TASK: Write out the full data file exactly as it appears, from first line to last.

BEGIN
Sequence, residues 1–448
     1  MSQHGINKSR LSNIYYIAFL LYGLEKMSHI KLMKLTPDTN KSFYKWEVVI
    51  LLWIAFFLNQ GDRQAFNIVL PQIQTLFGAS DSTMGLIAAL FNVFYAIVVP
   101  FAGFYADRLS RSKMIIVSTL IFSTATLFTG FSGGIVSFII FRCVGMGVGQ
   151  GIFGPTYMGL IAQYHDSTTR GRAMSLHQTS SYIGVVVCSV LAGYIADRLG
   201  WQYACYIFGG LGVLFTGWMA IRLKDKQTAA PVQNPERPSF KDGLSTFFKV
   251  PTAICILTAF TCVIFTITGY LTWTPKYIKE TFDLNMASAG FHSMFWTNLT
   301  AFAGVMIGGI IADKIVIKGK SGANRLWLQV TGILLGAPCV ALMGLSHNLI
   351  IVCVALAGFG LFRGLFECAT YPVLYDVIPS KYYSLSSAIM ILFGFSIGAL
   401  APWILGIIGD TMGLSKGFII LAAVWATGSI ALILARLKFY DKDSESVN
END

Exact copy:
Sequence, residues 1–448
     1  MSQHGINKSR LSNIYYIAFL LYGLEKMSHI KLMKLTPDTN KSFYKWEVVI
    51  LLWIAFFLNQ GDRQAFNIVL PQIQTLFGAS DSTMGLIAAL FNVFYAIVVP
   101  FAGFYADRLS RSKMIIVSTL IFSTATLFTG FSGGIVSFII FRCVGMGVGQ
   151  GIFGPTYMGL IAQYHDSTTR GRAMSLHQTS SYIGVVVCSV LAGYIADRLG
   201  WQYACYIFGG LGVLFTGWMA IRLKDKQTAA PVQNPERPSF KDGLSTFFKV
   251  PTAICILTAF TCVIFTITGY LTWTPKYIKE TFDLNMASAG FHSMFWTNLT
   301  AFAGVMIGGI IADKIVIKGK SGANRLWLQV TGILLGAPCV ALMGLSHNLI
   351  IVCVALAGFG LFRGLFECAT YPVLYDVIPS KYYSLSSAIM ILFGFSIGAL
   401  APWILGIIGD TMGLSKGFII LAAVWATGSI ALILARLKFY DKDSESVN